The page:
After that rescue workers, specialists of the Interior Ministry and the waste-recycling company Ekores demonstrated their skills in dealing with a railway accident. A large number of hazardous cargoes cross Belarus by rail, including radiation hazards. If an accident occurs in transit, it will result in combined pollution of the area with chemicals and radioactive substances. Special tactics and skills are needed on the part of rescue workers in such situations.

In line with the scenario of the exercise trains carrying radioactive materials and oil products crashed into each other and went off the rails. The response of Belarusian rescue workers was smooth. Radiation measurements were taken in the area and radiation and contamination control posts were set up. Aerial units of the Emergencies Ministry evacuated the victims. Sources of radiation were detected and neutralized using robots. Then hazardous items were put inside a temporary storage container using special loaders. Meanwhile, other rescue workers had to deal with the trains on fire.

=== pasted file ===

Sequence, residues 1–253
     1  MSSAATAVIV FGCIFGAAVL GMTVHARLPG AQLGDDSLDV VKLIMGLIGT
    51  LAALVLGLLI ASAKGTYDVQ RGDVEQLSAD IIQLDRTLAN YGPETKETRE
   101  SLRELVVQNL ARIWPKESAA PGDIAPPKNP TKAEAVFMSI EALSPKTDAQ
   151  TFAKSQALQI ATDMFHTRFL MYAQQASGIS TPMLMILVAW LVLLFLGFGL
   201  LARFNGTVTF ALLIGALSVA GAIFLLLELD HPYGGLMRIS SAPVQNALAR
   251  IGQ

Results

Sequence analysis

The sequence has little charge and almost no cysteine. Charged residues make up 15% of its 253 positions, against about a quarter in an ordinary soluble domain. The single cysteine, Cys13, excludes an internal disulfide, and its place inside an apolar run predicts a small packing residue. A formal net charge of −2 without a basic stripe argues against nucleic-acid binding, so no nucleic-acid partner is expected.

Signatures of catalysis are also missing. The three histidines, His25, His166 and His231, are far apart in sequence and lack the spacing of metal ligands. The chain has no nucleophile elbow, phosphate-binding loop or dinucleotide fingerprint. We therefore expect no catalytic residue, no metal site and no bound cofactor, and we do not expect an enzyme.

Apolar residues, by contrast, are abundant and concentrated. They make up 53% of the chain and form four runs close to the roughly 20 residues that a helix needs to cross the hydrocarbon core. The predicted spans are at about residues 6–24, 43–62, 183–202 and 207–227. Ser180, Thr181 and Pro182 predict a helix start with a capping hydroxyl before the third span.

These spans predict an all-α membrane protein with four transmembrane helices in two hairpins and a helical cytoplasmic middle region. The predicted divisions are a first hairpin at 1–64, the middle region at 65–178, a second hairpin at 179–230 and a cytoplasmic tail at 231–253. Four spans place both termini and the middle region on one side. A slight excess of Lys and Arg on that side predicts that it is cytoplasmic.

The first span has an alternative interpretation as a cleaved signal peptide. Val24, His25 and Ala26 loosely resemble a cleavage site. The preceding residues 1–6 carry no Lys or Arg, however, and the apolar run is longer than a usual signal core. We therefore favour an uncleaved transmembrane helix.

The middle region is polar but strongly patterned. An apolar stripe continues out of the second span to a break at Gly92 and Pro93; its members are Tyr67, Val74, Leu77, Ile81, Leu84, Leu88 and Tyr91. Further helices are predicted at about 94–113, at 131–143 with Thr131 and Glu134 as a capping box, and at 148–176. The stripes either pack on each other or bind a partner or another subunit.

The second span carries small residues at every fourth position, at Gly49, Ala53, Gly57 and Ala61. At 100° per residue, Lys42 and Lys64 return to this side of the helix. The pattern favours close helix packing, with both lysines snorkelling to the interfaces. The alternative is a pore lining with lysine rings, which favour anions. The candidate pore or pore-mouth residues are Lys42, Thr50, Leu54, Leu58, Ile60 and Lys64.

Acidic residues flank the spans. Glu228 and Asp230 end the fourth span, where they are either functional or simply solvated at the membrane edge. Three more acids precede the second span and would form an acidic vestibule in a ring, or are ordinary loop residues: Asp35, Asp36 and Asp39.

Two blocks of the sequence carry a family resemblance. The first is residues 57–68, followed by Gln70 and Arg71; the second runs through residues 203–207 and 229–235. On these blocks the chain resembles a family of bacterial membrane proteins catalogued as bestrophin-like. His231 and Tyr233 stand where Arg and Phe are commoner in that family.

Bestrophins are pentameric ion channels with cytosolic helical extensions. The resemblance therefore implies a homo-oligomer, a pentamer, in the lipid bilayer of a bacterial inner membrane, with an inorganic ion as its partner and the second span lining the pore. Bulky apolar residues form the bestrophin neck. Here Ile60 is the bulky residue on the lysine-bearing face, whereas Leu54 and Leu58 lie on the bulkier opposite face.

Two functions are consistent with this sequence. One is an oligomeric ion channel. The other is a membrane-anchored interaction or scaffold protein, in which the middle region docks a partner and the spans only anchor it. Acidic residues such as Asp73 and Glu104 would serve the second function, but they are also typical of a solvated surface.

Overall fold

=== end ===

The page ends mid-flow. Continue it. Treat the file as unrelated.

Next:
A forest fire came last. Grass, shrubs, and trees in the area polluted by the Chernobyl nuclear power plant accident caught fire. There was the danger of the fire spreading farther. Aerial units of the Belarusian Emergencies Ministry had to detect the fire and airlift fire fighters to the location. An Antonov-2 aircraft and a Mi-26 helicopter dropped water and special fire suppressants into the fire outbreak site. Ground vehicles of the Emergencies Ministry dealt with individual fires on the ground.

“Considerable territories in three countries, including Belarus, were polluted with radioactive substances due to the accident at the Chernobyl nuclear power plant. Natural ecosystems in the exclusion zone and the evacuation zone sometimes catch fire,” said Vitaly Novitsky. “We've seen over 40 such fires over the last seven years, including at least ten transboundary fires,” said the official.

The practical part at the training facility in Borisov District was brief — the entire stage of the radiation accident response exercise lasted for about half an hour, with the active phase taking half that time. Within this short time Belarusian rescue workers demonstrated their skills on the ground and in the air. They once again confirmed the extremely fast response ability of the Belarusian Emergencies Ministry and reaffirmed their readiness to handle any emergencies, including radioactive ones.